- Cooking the adzuki beans – place the adzuki beans in a pot with plenty of water (like cooking pasta). It is very important to remember not to add salt, which will delay the cooking of the bean and leave it stiff. Bring to a boil and cook for 40 minutes. Drain.
- Preheat the oven to 350°F/180°C and prepare a large oven tray lined with baking paper or silicone roasting mat.
- In a food processor, place all the meatballs ingredients – cooked adzuki beans, onion, carrot, basil, pecans, oats, dried oregano, salt and pepper, and grind well until the mixture is uniform.
- Using clean hands, make the meatball – about 2-inch/ 5 cm diameter. Place them on the baking sheet and bake for 15 minutes.
- In a wide sauté pan heat olive oil, add finely chopped onion and sauté for 2-3 minutes while stirring. Add chopped garlic cloves and cook for another minute. Add crushed tomatoes, water, basil leaves, salt and pepper. Bring to a boil, cover and cook on low heat for 10 minutes. If you want the patties to have lots of sauce, you can add another 7 oz/ 200 grams of crushed tomatoes and half a cup of water.
- Carefully add the baked patties to the cooked sauce and cook for a further 5 minutes, and no longer than that. make sure you don't add the patties to a boiling sauce (it should simmer gently). Sprinkle with basil leaves on serving.
Delicious!I’ve tried so many bean “meat”balls and my son has hated them all – but even my non vegetarian ate these! They did fall apart in the sauce – so I renamed it bolognese 🙂 as we’re not vegan will prob add an egg next time. But flavour and texture fantastic!!
I really like this recipe! I did make a few adjustments. I added about 1/4 cup of almond flour to the mixture before forming into balls, which helped them be a bit less sticky. I also air fried them for about 4 minutes per side after baking! Gave them a nice crunchy exterior before I added them to the sauce. Really yummy!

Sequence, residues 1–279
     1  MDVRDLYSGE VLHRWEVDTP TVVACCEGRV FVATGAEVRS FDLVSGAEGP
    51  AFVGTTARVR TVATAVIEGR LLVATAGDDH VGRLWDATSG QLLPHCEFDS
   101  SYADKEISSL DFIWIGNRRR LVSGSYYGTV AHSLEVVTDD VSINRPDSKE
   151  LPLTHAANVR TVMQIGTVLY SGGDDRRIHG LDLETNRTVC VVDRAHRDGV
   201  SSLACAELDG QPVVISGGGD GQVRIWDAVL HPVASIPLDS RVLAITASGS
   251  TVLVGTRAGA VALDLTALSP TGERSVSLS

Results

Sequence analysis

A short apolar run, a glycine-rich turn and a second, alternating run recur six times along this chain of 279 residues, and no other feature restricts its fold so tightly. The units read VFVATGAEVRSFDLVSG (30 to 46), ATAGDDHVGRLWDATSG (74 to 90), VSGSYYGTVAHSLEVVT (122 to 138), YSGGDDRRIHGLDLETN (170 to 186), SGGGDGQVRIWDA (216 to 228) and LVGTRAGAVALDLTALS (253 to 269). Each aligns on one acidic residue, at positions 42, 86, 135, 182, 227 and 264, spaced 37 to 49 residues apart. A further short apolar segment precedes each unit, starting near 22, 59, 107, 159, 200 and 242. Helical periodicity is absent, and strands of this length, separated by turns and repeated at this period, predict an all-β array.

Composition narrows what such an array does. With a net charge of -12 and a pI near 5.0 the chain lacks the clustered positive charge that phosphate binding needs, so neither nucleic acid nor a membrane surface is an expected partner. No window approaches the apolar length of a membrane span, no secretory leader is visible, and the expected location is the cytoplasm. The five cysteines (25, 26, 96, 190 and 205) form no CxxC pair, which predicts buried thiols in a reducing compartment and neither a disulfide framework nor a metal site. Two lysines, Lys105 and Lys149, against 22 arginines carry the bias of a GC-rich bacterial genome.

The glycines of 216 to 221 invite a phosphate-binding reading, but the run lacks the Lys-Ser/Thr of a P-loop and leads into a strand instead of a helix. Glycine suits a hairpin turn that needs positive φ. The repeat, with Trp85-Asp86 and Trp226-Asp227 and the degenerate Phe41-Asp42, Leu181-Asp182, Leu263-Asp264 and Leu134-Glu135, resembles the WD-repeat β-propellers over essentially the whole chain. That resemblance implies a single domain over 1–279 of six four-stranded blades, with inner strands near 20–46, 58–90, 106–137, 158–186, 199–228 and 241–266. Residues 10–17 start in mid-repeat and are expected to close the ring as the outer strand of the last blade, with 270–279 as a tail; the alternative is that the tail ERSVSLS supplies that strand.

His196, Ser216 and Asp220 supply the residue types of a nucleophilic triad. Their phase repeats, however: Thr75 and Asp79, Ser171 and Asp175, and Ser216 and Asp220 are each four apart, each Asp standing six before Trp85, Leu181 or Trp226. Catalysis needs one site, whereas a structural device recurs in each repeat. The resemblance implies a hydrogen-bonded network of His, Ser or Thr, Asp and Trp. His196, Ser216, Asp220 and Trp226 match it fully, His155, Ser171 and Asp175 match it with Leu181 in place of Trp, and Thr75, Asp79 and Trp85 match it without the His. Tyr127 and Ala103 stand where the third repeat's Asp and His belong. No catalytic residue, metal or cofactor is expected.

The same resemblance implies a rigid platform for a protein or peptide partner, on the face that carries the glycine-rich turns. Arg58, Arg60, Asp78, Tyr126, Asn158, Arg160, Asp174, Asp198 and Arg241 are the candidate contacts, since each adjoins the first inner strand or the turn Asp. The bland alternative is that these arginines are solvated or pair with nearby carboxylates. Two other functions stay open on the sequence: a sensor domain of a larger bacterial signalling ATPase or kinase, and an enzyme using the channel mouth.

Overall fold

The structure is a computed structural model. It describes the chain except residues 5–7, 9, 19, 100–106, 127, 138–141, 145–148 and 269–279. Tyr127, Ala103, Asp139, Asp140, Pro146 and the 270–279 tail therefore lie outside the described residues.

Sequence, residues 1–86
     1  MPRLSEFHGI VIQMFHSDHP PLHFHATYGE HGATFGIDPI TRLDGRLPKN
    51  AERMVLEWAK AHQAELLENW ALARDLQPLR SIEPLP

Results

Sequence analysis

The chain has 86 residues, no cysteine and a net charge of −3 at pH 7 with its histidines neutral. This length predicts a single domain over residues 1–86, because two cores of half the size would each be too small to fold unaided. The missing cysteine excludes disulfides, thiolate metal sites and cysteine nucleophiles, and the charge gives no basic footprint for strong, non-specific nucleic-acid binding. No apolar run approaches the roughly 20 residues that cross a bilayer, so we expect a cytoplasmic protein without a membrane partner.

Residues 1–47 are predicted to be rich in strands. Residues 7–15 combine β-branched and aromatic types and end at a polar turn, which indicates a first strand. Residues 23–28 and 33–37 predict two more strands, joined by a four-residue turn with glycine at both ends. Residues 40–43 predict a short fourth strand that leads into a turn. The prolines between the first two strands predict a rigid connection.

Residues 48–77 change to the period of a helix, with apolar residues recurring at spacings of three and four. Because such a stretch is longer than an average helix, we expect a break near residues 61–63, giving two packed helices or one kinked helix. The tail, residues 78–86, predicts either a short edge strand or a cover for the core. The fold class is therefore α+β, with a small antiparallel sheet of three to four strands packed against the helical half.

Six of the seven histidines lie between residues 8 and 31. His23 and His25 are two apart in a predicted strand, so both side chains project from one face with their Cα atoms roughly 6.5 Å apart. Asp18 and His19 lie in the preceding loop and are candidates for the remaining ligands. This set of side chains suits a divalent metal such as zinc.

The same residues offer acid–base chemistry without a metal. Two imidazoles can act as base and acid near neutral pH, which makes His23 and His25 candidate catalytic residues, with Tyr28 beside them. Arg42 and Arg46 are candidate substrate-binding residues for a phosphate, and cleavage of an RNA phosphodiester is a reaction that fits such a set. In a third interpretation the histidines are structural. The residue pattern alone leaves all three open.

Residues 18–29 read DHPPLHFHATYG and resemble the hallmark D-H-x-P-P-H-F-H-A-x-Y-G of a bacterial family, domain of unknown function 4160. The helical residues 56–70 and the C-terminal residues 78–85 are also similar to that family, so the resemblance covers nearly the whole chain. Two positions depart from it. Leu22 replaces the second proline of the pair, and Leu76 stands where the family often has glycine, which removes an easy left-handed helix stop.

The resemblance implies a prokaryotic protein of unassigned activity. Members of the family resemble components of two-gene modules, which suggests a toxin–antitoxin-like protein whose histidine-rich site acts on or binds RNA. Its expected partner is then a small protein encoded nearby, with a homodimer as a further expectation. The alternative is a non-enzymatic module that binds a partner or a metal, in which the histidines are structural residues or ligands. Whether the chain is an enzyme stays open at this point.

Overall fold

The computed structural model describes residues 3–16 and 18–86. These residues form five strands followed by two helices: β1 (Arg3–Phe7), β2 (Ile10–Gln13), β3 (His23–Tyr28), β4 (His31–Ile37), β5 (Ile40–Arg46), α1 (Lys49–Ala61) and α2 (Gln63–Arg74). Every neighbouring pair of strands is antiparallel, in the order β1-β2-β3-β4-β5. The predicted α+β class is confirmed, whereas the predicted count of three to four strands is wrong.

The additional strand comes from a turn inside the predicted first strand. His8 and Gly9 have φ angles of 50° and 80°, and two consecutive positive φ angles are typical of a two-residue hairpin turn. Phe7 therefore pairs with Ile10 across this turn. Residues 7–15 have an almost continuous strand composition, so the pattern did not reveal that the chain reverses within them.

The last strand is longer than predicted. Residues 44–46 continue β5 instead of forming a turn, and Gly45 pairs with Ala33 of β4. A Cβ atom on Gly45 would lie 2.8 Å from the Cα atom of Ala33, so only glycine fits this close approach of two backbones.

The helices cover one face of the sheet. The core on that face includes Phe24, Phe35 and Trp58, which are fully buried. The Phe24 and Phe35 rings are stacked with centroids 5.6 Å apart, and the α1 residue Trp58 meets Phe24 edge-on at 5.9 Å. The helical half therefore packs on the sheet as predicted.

This was very successful. Tastes yummy but the patties are a bit mushy. Maybe I over-cooked the beans? Is there some way to make the “meat” mixture more firm?
I loved these! They were so flavourful and they worked out beautifully. Will definitely be making them again.
These were so delicious!! Mine turned out a bit soft and kinda fell apart through the sauce when serving/eating BUT it actually worked. (It was probably my overcooked beans and ingredient swaps, though! Next time I might try adding a little more oats.) My kids loved them, and smooshed them happily – it felt like you were eating mince through the sauce. I did alter the recipe slightly as I didn’t have carrot on hand, so I used 2 large cup mushrooms. And 1 Tbs dried basil instead of fresh. I also added a sprinkle of onion powder and garlic powder for extra flavour. And used a bolognaise sauce jar and Passata as didn’t have canned tomatoes and was delicious. Will probably keep using mushrooms as the flavour turned out so well. I will also try a binder like flaxmeal or chia to help keep in shape. Thanks for the great recipe I’ll be using it again for sure!!
How firm should the beans be at the end of cooking?
they should be completely cooked, so pretty soft. make sure not to add salt while cooking it.
I made them today, and they are gorgeous.
Very tasty and glad I found your recipe as an alternative to soya! Works well with spaghetti
You may wish to correct the cooking time – 5hrs? Think there’s a typo.
typo indeed…fixed it. thank you!